Although the impact of a published study can be measured many ways, the most common tactic has been to tally how often, over the years, others cite the study in their published works. A small industry has emerged over the past half century to quantify these citations.
A new analysis has now compared citation counts from three different companies and shown that their performance differs. At least when it comes to published biomedical studies, some citation indices may make a given piece of work appear substantially more — or less — influential than do others.
And high tallies are not just a source of bragging rights. With academic-promotion committees, granting agencies, and others increasingly asking scientists for their research papers’ citation stats, these figures have the potential to boost or torpedo careers.
For their new analysis, Abhaya Kulkarni of the Hospital for Sick Children, in Toronto, and his colleagues compared three indexing services: the Web of Science, Scopus and Google Scholar. All regularly index thousands of biomedical and medical journals, books and more.
The researchers asked each indexing service to add up the citations through June 2008 for 328 papers. They had all been published between Oct. 1, 1999 and March 30, 2000 in one of three peer-reviewed general medical journals — the Journal of the American Medical Association, Lancet or the New England Journal of Medicine.
In the Sept. 2 JAMA, Kulkarni’s team found that the three counting houses “produced quantitatively and qualitatively different citation counts.” The median count per indexed paper was 121 by the Web of Science, 149 by Scopus and 160 by Google Scholar. Depending on the type of paper tracked, Google Scholar picked up 30 to 37 percent more cites than did the Web of Science; Scopus picked up about 19 percent more.
The fact that there was a difference isn’t surprising, Kulkarni says, because each citation counter scans a different mix of publications. Whereas Web of Science tracks some 10,000 peer-reviewed journals, Scopus covers half again as many. (No comparison to Google Scholar was possible in this particular area, the researchers note, because details on the Google system’s methods for finding cites “have not been made public and it does not provide a list of all publishers with whom it has content agreements.”) Normally, tracked journals supply their contents to the indexing companies that are following them.
Web of Science’s indexing makes no claim to being all inclusive. Quite the contrary. It maintains that its goal is to identify the most influential journals and to preferentially track the original papers that they publish. Its sources are primarily English-language, North American publications.
Scopus, by contrast, notes that publications in Europe, Latin America and Asia are the source of more than half of the material it tracks. This indexing service also covers conference proceedings, trade publications and some web sources. Google Scholar includes even less-scholarly offerings, such as student handbooks and administrative notes, the new JAMA analysis reports.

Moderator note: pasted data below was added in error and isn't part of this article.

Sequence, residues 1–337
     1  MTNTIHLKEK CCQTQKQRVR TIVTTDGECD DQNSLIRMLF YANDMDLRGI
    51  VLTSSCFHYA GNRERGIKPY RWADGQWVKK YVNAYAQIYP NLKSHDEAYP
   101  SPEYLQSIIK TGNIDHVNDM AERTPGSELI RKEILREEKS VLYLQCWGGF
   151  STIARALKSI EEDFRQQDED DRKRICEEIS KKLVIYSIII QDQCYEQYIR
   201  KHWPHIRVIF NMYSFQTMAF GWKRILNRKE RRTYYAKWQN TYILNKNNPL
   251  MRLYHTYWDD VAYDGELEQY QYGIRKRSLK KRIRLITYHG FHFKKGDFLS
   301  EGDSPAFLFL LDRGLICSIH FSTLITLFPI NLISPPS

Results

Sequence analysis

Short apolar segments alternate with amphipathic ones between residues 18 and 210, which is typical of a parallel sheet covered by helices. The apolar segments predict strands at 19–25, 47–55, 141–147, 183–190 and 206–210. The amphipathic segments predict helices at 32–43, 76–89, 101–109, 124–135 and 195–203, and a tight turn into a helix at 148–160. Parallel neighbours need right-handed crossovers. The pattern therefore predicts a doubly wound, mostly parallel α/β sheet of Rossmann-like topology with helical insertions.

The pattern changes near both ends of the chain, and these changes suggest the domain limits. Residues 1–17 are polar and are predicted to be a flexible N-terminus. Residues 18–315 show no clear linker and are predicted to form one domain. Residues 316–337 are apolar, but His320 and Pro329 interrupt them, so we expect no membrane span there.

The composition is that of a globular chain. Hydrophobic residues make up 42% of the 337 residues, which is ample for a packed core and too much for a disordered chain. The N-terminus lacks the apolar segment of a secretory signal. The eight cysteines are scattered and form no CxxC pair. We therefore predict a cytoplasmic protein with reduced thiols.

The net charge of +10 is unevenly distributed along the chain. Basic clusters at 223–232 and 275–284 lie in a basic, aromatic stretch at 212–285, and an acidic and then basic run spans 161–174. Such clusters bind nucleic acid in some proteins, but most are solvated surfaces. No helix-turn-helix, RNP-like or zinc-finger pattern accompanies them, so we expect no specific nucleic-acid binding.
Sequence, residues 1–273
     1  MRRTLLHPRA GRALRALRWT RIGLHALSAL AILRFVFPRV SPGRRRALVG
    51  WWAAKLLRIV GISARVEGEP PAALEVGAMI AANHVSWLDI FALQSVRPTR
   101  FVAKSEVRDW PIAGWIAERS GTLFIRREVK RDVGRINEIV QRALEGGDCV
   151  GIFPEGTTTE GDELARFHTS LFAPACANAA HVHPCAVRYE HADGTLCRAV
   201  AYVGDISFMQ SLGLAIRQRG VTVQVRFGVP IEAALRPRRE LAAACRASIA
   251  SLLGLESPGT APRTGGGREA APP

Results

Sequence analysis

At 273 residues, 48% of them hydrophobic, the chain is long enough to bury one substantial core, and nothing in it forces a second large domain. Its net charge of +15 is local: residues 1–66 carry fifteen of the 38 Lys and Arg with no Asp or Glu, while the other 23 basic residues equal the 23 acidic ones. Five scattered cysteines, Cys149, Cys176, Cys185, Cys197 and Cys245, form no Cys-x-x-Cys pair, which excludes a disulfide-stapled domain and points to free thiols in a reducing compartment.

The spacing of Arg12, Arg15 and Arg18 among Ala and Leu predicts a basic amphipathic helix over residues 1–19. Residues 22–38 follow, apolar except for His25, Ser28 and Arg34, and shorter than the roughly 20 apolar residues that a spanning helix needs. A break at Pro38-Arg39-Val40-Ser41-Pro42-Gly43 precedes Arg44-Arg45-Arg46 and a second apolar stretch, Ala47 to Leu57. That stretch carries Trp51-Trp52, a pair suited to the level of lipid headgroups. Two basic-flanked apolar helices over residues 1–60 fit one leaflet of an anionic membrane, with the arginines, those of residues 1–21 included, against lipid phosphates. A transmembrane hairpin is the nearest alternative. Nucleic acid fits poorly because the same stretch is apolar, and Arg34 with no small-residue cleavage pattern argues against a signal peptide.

Web of Science, founded nearly a half century ago by Eugene Garfield’s Institute for Scientific Information, was the first major science-indexing service. Its Science Citation Index (now Web of Science) has long been viewed as the gold standard, Kulkarni says. “But many of us have not fully appreciated the implications of not counting many of the other citations out there,” he says.
For instance, imagine that a new alternative to a drug banned in Japan has emerged, one that is safer and at least as effective as the original. References to the new alternative might be spreading like wildfire in Asian journals, especially Japanese-language publications — ones totally ignored by the “gold standard” Web of Science. A Western paper would get no credit for much of its influence there.
Cite counters that largely ignore particular types of published materials may also fail to gauge the true influence of a particular piece of research. The new analysis found, for instance, that Web of Science excelled in finding citations to papers described as “articles”, editorials and letters. Scopus retrieved more non-English and review papers. Both of these services retrieved more citations than Google Scholar did to studies that acknowledged industry funding, that investigated the value of a drug or medical device, or that had a large group of authors.
There are limits to what citation tallies can reveal, of course. Scores of papers may cite a study as being lame or even worse. High cite counts for that paper would justify embarrassment, not jubilation, something that pure mathematical analyses would never uncover.
These counting houses also perform cumulative citation tallies for everything that a journal has published during a year, then run their findings through some proprietary algorithms. What results is a figure representing a journal’s putative “impact factor.”
In an editorial accompanying the new JAMA paper, Marie McVeigh and Stephen Mann argue that many research analysts have “misappropriated” this impact factor as a quick and dirty estimate of the quality of a scientist’s endeavors. The idea: If the work is really good, it will get into the highest impact journals. If it only appears in low-impact journals, it must be weak.
The resulting pressure to publish in the most influential venues drives ever more authors to submit their papers to the same relatively few high-impact journals, observe McVeigh and Mann, staff members of Journal Citation Reports (which. like Web of Science, is published by Thomson Reuters). Ignoring the lower-impact journals won’t always be in the best interests of science, however. This could be especially true if those other journals are better at reaching the people who would best understand the new data — and use them.